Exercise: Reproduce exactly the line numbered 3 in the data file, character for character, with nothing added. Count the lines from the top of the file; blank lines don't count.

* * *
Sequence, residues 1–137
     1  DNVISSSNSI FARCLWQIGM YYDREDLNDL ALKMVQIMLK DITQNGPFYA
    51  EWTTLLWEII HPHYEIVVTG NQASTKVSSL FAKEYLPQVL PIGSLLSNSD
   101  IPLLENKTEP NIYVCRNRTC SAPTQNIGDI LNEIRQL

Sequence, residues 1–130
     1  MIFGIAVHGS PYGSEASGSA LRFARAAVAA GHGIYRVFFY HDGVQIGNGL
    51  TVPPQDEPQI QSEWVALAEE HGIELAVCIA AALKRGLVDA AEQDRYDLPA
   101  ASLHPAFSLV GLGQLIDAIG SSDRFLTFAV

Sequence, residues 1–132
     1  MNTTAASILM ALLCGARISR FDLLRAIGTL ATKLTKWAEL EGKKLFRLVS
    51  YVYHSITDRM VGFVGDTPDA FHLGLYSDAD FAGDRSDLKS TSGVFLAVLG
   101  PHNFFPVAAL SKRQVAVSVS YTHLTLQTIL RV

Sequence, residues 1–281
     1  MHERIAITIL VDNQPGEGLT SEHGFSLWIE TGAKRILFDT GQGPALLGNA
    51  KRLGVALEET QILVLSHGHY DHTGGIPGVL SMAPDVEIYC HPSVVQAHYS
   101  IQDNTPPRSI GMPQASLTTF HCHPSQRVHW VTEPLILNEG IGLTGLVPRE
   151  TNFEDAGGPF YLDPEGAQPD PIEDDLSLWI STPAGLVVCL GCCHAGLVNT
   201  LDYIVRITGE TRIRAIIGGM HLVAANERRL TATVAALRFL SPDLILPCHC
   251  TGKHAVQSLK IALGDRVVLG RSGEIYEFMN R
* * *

    51  EWTTLLWEII HPHYEIVVTG NQASTKVSSL FAKEYLPQVL PIGSLLSNSD